Who wrote all of this crap anyway?
- Nemo Scitis
This is what happens when shit gets unreal
When I was a kid, we used to play Hide and Seek. The game went like this:
Someone was It. Everyone else was Not It.
The It Person would count to some pre-designated number. If playing “fair”, the person would count at the top of his lungs and at a slow, measured pace which resembled seconds. When playing “dirty”, the person would count under their breath and at a speed which would have made Billy Mays reach for more blow to keep up.
Those who were Not It would run and scatter to find the most obscure hiding place possible. Most times, they didn’t even end up going to the emergency room for having shared a spot under the shed with a black widow.
The It Person would traditionally yell, “Ready or not, here I come!” Then the hunt would start, hopefully to find the kid who ended up with the spider before the allergic reaction to the venom got too bad.
Now, sometimes, a kid couldn’t find a hiding spot before time ran out. Or perhaps they’d found two, and had trouble deciding. One could endure no greater embarrassment than to end up caught out, choosing between behind the tree or under the car. In such a situation, only one solution could provide any relief: blame the It Person.
“You didn’t yell, ‘Ready or not, here I come!’ No fair!”
I bring up this slice of childhood because I read something which reminded me of those younger, simpler times. Mayor Bloomburg of New York authorized “stings” at gun shows in Arizona to see if one could buy guns illegally there, especially those such as what were used in the shooting of Representative Gabrielle Giffords.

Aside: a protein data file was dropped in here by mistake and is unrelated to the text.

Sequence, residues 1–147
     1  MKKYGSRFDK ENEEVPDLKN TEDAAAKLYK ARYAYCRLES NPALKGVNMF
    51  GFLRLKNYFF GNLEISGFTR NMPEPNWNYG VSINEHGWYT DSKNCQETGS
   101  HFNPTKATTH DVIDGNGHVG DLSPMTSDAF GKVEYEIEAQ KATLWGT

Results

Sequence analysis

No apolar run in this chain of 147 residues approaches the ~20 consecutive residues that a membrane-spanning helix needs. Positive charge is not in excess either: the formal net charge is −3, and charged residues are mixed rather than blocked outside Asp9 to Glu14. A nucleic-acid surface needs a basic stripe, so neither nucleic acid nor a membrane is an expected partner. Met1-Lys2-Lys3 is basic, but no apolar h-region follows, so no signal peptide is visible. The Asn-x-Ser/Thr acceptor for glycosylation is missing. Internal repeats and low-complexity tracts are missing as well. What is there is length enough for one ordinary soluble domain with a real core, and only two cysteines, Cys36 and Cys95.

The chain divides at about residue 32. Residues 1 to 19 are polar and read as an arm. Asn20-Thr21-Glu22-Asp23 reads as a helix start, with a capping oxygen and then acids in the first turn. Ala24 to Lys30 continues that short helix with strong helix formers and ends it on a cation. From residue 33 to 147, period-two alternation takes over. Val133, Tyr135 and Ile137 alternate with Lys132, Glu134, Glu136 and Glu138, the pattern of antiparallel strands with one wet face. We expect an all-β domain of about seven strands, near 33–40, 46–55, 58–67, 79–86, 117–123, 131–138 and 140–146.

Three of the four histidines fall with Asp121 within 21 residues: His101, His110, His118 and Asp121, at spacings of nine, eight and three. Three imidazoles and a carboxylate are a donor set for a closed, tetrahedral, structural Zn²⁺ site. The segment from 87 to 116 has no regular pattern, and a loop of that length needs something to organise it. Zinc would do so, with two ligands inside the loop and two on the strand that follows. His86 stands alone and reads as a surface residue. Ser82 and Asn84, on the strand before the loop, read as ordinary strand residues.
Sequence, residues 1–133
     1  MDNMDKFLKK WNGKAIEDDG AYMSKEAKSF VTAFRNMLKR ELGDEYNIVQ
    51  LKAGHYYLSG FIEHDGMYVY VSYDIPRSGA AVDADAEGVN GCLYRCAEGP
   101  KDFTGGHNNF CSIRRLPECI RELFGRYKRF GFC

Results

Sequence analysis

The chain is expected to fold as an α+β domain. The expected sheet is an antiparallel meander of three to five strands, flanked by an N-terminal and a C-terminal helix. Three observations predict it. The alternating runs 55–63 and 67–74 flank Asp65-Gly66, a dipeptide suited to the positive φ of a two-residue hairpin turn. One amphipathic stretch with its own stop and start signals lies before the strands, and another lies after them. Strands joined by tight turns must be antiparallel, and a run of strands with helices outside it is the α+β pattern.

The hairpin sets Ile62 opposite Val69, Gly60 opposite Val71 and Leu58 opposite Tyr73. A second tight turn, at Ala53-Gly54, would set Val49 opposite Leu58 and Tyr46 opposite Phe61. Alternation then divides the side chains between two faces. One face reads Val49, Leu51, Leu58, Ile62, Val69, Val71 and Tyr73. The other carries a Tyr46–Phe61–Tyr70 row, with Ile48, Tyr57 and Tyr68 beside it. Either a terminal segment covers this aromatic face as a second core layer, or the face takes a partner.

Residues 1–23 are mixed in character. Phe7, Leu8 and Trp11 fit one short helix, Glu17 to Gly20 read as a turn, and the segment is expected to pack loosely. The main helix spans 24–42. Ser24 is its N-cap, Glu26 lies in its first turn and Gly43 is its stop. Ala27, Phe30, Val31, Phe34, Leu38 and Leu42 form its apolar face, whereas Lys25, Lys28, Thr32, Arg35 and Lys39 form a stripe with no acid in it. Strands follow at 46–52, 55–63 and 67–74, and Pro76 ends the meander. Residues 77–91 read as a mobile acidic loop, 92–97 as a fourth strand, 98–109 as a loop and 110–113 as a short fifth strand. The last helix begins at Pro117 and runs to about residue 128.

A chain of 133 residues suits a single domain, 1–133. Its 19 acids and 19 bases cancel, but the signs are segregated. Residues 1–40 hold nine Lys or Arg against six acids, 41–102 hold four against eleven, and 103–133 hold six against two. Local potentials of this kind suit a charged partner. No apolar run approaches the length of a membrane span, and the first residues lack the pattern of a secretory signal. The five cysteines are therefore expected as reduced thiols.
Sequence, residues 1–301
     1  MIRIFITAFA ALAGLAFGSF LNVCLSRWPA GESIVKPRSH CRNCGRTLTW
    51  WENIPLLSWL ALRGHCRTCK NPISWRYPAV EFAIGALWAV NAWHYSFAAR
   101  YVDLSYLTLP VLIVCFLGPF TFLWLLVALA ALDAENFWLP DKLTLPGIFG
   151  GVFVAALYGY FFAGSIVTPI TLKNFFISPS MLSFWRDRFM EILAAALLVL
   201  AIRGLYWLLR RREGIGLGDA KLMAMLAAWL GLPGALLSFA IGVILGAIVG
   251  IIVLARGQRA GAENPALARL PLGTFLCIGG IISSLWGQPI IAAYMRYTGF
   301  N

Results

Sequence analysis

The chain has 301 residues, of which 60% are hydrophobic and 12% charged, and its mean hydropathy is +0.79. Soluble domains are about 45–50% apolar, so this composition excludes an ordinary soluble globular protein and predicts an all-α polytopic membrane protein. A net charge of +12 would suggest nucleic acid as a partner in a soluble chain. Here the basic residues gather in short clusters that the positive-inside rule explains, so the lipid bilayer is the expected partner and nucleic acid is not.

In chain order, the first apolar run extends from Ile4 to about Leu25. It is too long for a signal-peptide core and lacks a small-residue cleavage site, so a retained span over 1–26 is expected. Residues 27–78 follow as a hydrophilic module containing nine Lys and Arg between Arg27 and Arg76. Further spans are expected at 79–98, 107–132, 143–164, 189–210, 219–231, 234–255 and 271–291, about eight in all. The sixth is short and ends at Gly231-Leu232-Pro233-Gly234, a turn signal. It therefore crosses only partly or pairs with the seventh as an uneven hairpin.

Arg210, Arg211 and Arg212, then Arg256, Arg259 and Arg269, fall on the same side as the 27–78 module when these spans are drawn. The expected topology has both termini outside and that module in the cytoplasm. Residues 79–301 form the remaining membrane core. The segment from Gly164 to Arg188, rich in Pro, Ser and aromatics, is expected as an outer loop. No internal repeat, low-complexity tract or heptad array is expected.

To no one’s surprise, private investigators came back with a well-exercised Second Amendment.
The investigators bought a Glock 17 9 mm handgun without a background check and two 33-round extended magazines from private sellers. Investigators also bought a Sig Sauer Pro 9 mm handgun and a Smith & Wesson handgun from two private sellers who continued with the sales even after being told by the undercover buyers that they probably could not pass a background check.
The Arizona Attorney General was horrified, of course, and vowed to do whatever he could to bring gun shows in line with the law- No, haha, just kidding. He bleated like a goat about the entire thing.
Bloomberg’s office didn’t bother to give Arizona police any advanced notice of the plan, Attorney General Tom Horne said.
“The fact that no such notification was made indicates this so-called sting is nothing less than a public relations stunt,” Horne said.
This sounds really familiar to me. “You didn’t yell, ‘Ready or not, here I come!’ No fair!”
All right, so it was rude. I get that. Bloomburg didn’t play nice. He didn’t count out loud, he counted too fast, and he didn’t say he was coming. I hate to tell Mr. Horne, but the people looking to chlorinate the gene pool a little by shooting up a Walmart aren’t going to, either. Public relations stunt or no, it brought up a valid point.
Maybe, though, the AG in AZ is right. We need to go back to the days of our youth. We don’t need gun control laws. We need Ready or Not Laws! If everyone who wanted to maim, rape, shoot, bend, fold, spindle or mutilate another person would just yell, “Ready or not!” then there would be no problem. Everyone could find a hiding place. If we got really fancy, we could tack Olly Olly Oxenfree laws on the end where, if the shooter couldn’t find someone to hammer in a set amount of time, everyone got to come in safely. Then they’d have to file another Ready or Not Notice and try again.
In closing, I leave you with what a rational discussion about this might look like: